An In-Depth Look at Thailand in 2015
Travel and Tourism (T&T) plays a pivotal role in creating a robust and strong economy in Thailand. A wave of new developments in Thailand’s T&T sector — including government policy changes and strengthening marketing efforts — have Thailand on course for strong tourism growth in the coming decade. Each year, we release a series of impact reports focusing specifically on quantifying the economic impact of Travel & Tourism on 184 countries and 25 regions of the world. According to the our 2015 Thailand Economic Impact report, in measuring the relative importance of T&T’s total contribution to Thailand’s national GDP, the country ranks 18th overall out of the 184 countries researched.
In fact, T&T accounted for 14.1% of Thailand’s total employment in 2014, with 5.3 million people directly and indirectly supported by the Thai tourism industry. This figure is only growing: we estimate T&T will account for more than 20% of the total employment in Thailand by 2025.
These growing estimates are still on track despite a few setbacks as the result of political unrest during the past 18 months. In May 2014, the military junta enacted martial law during the Thai coup d’état. Many European and American tourists are not able to secure international travel insurance to destinations under martial law, and with the order in place for more than 10 months Thai tourism was severely affected. Beyond the insurance issues, tourists had to adhere to a strict, nationwide curfew. While the curfew didn’t impact the country’s iconic historical sites like the UNESCO complex of Ayutthaya, that is only one piece of the Thai tourism industry. The curfew severely limited activities in the Thai islands, where many tourism-facing businesses earn money after midnight through the region’s vibrant nightlife scene.
In April of this year, however, the government lifted martial law. Sources within the Thai government and the Thai Tourist Ministry confirm that T&T will recover by the end of 2015. M.R. Pridiyathorn Devakula, Deputy Prime Minister in charge of Economic Affairs notes: “Tourism is also expected to continue growing, propelled by European and American tourists who will be visiting Thailand in response to the lifting of martial law.” Additionally, initial reports from tour operators and hotels indicated bookings were increasing in the wake of the announcement.
When examining the spending impact of Thai tourism, it’s important to look at the types of travelers visiting the country. Thailand’s total T&T spending in 2014 accounted for 19.3% of the country’s total GDP. WTTC research expects that number to increase by 3.2% in 2015. It’s quite likely that this 2015 rise is in large part due to the government’s strong push for increased East Asian tourism. Overall, our research indicates total T&T spending in 2025 will account for 25.8% of GDP.
According to the Tourism Authority of Thailand (TAT), Chinese tourism accounts for an exponentially growing portion of the country’s tourists, significantly impacting direct and indirect T&T contributions. In late 2014, the government implemented a three month visa-fee waiver scheme for China and Taiwan passport holders to stimulate tourist arrivals. Anecdotal evidence throughout 2015 suggests that the program was effective at increasing East Asian tourism to Thailand even once the visa-waiver program ended.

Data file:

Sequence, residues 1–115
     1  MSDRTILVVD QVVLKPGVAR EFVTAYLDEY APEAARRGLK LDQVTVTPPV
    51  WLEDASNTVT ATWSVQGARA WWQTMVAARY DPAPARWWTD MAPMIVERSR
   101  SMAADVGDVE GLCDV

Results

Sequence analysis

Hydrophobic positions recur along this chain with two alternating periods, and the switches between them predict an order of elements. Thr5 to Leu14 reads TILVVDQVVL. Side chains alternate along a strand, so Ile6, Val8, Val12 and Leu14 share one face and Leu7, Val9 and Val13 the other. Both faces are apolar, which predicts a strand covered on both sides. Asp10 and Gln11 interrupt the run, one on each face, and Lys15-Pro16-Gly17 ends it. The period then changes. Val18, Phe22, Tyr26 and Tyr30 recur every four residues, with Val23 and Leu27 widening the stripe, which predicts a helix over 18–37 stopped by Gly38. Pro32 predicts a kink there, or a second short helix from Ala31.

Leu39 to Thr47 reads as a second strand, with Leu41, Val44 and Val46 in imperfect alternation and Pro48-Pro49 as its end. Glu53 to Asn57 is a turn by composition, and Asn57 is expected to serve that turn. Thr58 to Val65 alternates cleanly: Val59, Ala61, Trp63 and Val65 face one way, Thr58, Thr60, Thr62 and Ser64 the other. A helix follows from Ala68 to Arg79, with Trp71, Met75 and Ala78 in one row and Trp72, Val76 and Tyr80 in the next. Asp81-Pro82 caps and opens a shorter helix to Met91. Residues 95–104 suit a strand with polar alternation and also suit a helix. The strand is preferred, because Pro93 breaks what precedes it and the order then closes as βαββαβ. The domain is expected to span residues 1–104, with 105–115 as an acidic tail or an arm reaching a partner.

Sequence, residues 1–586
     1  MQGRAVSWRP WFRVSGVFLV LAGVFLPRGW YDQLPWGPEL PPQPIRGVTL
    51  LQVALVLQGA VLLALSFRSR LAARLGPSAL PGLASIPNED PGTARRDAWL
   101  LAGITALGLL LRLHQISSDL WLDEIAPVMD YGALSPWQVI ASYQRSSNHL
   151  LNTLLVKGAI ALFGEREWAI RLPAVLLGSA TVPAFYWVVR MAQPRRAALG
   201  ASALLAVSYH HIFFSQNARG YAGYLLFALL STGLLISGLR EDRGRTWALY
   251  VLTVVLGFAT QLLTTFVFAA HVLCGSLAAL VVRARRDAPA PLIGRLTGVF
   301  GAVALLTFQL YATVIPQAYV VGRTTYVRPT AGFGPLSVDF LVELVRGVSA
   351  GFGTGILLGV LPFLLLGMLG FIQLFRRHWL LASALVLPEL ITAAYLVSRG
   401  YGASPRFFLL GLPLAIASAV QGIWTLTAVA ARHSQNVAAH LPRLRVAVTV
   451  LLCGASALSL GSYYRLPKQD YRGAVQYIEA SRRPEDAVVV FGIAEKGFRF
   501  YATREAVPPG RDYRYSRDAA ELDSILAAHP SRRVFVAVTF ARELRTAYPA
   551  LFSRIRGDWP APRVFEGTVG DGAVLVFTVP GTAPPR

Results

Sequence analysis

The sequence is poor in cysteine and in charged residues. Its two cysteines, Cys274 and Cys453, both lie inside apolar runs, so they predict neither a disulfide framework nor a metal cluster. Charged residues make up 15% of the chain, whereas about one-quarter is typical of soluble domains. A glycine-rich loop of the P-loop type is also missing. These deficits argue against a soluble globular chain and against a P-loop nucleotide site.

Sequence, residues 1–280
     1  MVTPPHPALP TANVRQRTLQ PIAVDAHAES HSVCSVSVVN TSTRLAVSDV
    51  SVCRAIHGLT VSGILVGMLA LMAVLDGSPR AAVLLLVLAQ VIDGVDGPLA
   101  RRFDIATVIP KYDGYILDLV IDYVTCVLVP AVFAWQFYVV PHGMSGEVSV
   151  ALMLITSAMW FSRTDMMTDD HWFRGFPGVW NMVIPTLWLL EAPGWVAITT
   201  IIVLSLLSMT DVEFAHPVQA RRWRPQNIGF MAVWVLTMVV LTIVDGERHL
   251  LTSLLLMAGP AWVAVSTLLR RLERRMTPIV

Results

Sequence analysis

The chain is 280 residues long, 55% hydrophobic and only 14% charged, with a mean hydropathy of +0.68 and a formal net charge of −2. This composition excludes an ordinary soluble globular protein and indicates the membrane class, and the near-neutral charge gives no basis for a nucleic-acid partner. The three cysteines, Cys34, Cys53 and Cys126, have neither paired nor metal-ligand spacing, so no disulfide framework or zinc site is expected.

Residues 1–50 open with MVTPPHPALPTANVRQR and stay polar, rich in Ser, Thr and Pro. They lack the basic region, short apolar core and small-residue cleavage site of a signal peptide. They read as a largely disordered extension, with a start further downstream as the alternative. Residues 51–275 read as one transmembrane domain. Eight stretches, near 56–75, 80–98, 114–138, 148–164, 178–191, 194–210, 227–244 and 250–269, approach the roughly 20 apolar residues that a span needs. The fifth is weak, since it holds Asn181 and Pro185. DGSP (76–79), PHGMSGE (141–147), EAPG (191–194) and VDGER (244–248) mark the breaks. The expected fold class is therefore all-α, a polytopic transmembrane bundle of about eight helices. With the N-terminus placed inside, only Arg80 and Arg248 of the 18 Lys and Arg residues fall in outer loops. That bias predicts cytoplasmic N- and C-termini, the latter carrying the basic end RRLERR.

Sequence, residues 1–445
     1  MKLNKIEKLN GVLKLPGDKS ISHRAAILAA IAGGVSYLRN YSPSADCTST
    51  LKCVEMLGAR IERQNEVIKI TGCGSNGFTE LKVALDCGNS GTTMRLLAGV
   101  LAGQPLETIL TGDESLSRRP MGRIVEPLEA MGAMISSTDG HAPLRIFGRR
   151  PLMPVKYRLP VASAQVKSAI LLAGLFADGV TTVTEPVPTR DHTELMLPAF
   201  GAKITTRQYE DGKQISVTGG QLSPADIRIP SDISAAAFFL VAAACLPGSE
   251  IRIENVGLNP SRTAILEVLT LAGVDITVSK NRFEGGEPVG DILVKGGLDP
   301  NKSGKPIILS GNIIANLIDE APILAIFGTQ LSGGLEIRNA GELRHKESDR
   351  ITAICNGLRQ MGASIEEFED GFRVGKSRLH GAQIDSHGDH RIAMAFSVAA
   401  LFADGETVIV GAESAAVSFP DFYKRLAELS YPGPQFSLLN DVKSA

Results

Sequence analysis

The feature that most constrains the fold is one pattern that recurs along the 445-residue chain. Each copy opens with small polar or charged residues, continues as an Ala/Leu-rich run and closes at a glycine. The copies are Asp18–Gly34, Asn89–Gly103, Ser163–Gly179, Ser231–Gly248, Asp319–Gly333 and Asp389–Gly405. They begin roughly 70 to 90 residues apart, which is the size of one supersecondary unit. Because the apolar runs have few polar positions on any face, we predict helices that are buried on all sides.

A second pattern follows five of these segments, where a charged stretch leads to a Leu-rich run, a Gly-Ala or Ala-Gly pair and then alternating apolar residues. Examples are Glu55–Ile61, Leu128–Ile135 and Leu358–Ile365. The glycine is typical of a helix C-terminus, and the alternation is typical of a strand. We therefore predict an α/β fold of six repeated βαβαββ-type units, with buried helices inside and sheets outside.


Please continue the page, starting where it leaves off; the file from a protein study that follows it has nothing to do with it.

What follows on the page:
The research has Thailand pegged for growth over the next decade in all areas of tourism growth, including direct and indirect spending, income, exports, and employment. With these anticipated tourism gains on the horizon, the government and international sources have noted plans for strong investment in indirect projects that will bolster and support the country’s growing T&T sector. The Asian Development Bank notes that “The interim government has approved an infrastructure program that includes $95 billion in investments over 8 years in railways, roads, ports, airports, and special economic zones. … The government plans to offer contracts for mass rapid transit rail lines in Bangkok and for double-tracking rail lines across the country.”
Alongside these numerous indirect developments, the Tourism Authority of Thailand announced a new tourism campaign for 2015. The previous slogan, “Amazing Thailand,” is officially retired. Thailand’s marketing efforts are now aimed at differentiating Thailand from other Southeast Asian countries. The TAT’s new “2015 Discover Thainess” campaign ramps up the country’s focus on unique cultural activities offered only in Thailand, infusing the tourism message with emphasis on Thai traditions and beliefs. Though the countries in this region share some historical and cultural similarities, the new campaign will showcase the quintessentially Thai mai pen rai — no worries — lifestyle that is most memorable for many tourists who have traveled the country. The government anticipates the message will resonate with target regions and further boost tourism demand.
Overall, the Thai government and tourism authorities are taking a multifaceted approach to growing T&T. Evidence shows programs aimed at several key areas of the tourism funnel — from increasing demand to bolstering infrastructure.
For the full country report on Thailand, with expanded economic numbers, click here.